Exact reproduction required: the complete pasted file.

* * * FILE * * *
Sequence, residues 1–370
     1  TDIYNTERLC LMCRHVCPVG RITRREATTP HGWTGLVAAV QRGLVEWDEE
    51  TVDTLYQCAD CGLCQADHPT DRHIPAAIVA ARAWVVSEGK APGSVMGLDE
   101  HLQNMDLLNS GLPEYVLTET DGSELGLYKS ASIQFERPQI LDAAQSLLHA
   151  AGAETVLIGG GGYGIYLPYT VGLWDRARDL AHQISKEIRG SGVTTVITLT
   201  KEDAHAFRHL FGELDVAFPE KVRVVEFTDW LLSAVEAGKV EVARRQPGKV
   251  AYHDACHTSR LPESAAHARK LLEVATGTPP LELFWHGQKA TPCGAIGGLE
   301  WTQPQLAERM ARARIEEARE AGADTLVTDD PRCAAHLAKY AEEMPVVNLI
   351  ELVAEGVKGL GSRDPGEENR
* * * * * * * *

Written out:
Sequence, residues 1–370
     1  TDIYNTERLC LMCRHVCPVG RITRREATTP HGWTGLVAAV QRGLVEWDEE
    51  TVDTLYQCAD CGLCQADHPT DRHIPAAIVA ARAWVVSEGK APGSVMGLDE
   101  HLQNMDLLNS GLPEYVLTET DGSELGLYKS ASIQFERPQI LDAAQSLLHA
   151  AGAETVLIGG GGYGIYLPYT VGLWDRARDL AHQISKEIRG SGVTTVITLT
   201  KEDAHAFRHL FGELDVAFPE KVRVVEFTDW LLSAVEAGKV EVARRQPGKV
   251  AYHDACHTSR LPESAAHARK LLEVATGTPP LELFWHGQKA TPCGAIGGLE
   301  WTQPQLAERM ARARIEEARE AGADTLVTDD PRCAAHLAKY AEEMPVVNLI
   351  ELVAEGVKGL GSRDPGEENR